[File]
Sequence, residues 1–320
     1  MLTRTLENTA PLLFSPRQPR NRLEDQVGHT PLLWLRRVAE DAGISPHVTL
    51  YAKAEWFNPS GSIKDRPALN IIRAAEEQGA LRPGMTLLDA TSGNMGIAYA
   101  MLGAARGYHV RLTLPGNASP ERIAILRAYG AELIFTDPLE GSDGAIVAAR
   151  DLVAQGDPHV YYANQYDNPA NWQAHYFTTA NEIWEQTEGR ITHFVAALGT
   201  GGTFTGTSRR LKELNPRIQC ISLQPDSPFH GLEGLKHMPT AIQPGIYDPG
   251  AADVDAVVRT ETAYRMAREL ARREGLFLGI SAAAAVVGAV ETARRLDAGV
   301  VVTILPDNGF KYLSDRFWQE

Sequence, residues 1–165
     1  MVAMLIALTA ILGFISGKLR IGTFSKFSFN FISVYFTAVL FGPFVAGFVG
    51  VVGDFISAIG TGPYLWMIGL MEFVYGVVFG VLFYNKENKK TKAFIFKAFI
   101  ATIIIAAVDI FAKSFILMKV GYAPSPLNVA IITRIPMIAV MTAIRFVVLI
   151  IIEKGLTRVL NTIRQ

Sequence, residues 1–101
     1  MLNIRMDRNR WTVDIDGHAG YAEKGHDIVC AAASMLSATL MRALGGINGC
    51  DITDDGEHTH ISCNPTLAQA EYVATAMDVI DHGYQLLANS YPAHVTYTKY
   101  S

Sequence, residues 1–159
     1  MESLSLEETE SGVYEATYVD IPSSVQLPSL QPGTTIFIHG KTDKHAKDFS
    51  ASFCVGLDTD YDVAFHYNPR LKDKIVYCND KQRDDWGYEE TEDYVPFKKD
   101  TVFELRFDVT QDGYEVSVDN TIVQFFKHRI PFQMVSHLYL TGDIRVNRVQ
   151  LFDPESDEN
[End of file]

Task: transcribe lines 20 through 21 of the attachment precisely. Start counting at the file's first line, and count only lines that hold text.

    51  ASFCVGLDTD YDVAFHYNPR LKDKIVYCND KQRDDWGYEE TEDYVPFKKD
   101  TVFELRFDVT QDGYEVSVDN TIVQFFKHRI PFQMVSHLYL TGDIRVNRVQ